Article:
• One reason is that the photographer is controlling light primarily with the aperture, preferring create an image with a long exposure of 30 seconds.
  • A highly stopped down aperture also increases depth of field, allowing for good detail in a cityscape image.
  • With an exposure of 30 seconds, this photographer was undoubtedly using a tripod.
  • A focal length of 21mm means this shot was made using a wide angle lens, likely to capture a wider, more panoramic image.
  • A wide angle lens also creates a greater feel of depth compared to a normal or telephoto lens—distant objects feel further away.
  • While it still technically qualifies as a wide angle lens, the focal length for the 35mm film format is a 31mm focal length. Most digital SLR cameras are in the 35mm format—this means they take pictures similar to common film cameras.


If you’ve been reading up on Photography with How-To Geek, you should have a lot of the information you’ll need to make some of these judgements. If a lot of this information confuses you (Author’s note: I don’t blame you, it’s a lot to absorb…) at the very least, you can see the settings your favorite photographers use and replicate them, or check up on yourself, and learn to use manual settings better by copying what your auto shot picks for you.

Image Credits: Canon EOS 5D Mark II by Nick Wheeler, Creative Commons. Lightroom by Olympus Photography by Mássimo, Creative Commons. I Dream to Live by Khaled AlMekhyal, assumed fair use. New York in Las Vegas by Werner Kunz, Creative Commons.

Eric Z Goodnight is an Illustrator and Stetson-wearing wild man. During the day, he manages IT and product development for screenprinted apparel manufacturing; by night he creates geek art posters, writes JavaScript, and records weekly podcasts about comics.

  • Published 07/13/11

Comments (13)

  1. Hatryst

    I always click ‘remove properties and personal information’ before uploading any picture to the web. Although it probably removes the EXIF data but the phrase’ personal information’ sounds like a privacy issue…

  2. Eric Z Goodnight

    Unless you’re shooting with your cellphone, it’s probably not a problem. Your camera (probably) doesn’t automatically geo-tag anything, and your name won’t be embedded in the file unless you specifically choose to put it there.

    I personally like that photos share this Exif data, because I think artists, in particular, should have a culture of sharing. It encourages people to innovate and keep innovating.

  3. Maurino

    if you are a pro, you don’t need these infos ’cause you are not a newbie.
    if you are a newbie, you can shoot some great photos (but you’re still miles away from being a pro).

  4. jgeek

    awesome post

  5. dave

    Thanks Eric for the article! And thanks for the 500px link (although their website is down atm).

  6. Bob Abela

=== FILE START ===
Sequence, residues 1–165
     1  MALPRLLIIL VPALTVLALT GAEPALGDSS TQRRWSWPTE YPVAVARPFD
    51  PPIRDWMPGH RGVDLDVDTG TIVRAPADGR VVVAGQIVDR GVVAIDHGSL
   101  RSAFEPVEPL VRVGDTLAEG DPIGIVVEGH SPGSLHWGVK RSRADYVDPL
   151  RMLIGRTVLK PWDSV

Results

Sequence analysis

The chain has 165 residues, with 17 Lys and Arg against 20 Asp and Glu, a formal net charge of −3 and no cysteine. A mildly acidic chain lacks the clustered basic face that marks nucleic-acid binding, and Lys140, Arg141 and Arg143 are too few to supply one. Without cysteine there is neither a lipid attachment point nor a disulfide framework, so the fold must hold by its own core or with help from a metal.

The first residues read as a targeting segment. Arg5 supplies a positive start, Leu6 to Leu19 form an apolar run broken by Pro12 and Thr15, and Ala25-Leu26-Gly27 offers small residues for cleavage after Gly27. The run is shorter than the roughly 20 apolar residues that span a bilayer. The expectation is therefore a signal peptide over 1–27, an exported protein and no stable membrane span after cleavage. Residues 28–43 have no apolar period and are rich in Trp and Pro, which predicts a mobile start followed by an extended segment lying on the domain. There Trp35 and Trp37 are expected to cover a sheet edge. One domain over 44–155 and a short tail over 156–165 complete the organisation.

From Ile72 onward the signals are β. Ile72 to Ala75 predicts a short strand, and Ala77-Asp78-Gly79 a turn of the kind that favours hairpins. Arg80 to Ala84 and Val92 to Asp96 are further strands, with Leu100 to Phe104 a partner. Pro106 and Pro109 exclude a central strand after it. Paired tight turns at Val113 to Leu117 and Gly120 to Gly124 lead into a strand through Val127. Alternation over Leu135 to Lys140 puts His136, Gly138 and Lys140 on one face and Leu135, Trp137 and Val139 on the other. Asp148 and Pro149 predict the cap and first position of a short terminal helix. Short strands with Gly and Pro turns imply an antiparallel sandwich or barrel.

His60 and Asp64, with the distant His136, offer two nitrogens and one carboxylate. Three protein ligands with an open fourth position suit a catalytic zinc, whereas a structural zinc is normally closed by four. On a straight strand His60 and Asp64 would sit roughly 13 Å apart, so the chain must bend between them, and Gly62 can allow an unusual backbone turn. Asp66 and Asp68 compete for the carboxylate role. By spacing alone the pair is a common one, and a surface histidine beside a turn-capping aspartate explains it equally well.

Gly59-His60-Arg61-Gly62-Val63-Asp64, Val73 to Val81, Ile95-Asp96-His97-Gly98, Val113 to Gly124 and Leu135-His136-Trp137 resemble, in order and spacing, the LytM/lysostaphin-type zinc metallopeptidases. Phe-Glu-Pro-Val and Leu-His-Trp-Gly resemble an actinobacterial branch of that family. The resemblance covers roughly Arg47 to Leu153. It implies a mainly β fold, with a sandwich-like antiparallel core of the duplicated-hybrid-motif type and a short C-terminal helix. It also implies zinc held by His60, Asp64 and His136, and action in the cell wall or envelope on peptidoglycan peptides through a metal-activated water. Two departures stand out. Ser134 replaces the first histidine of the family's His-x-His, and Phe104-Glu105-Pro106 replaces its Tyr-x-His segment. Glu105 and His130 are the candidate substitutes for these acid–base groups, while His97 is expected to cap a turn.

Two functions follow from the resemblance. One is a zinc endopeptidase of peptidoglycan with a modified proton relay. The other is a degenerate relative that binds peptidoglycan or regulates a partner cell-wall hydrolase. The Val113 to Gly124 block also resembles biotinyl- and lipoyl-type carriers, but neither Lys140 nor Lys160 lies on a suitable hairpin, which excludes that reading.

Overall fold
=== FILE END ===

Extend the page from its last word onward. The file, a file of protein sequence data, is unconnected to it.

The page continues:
While exif data can be useful, I suggest you don’t get too caught up in it. Your much better off studying the image itself, asking yourself what you like or dislike about it. And if you really wish to improve your photography, simply go out and take more pictures. It’s much more fun this way :) Review your results and make a concerted effort to improving upon it while experimenting with the controls on your camera.

  7. FightTheRight

    I know many professional photographers will put their contact information in the Exif data so if someone wants to use or buy their picture they know how to reach them.

  8. 613photo

    Indeed, EXIF is a good way to attach copyright and licensing information to the photo.

    There’s a much easier way to look at EXIF data. With this link you can view it in your browser:

  9. iMaco

    if you use a Mac i can recommend exiftool, which is the free de-facto standard for handling exif metadata.
    It’s a command line tool, but it’s really powerful. And for exif viewers for mac, i currently use iExifer, and it’s quite good. It’s not free, though.

  10. Phil Harvey

    Thanks iMaco for the ExifTool mention.

    One thing I should point out since the article makes use of Flickr as an example is that Flickr uses ExifTool as its engine to extract metadata from images. But they don’t keep their version of ExifTool very up-to-date, and as a result you can usually do better by running a more recent version of ExifTool.

  11. ouman

    Thanx for great item for newbies – it’s clear & to the point.
    I do a lot of “photo processing” with Irfanview® [freeware] + .8bf plugins [Adobe compatible] and it provides a complete listing of EXIF data for each pic opened. Just hit I on the keyboard, and the info is presented. Nothig could be simpler!

  12. Peter Hartmann

    BTW, if EXIF is removed with softwares such as EXIFCleaner by Superutils:
    — you won’t can learn anything from a photo, except an actual picture.

  13. Mike Cavanaugh

    Great post! EXIF data is a godsend, especially when looking at your own photos that you really like and thinking “how did I do that shot?” and “how could I do it again?”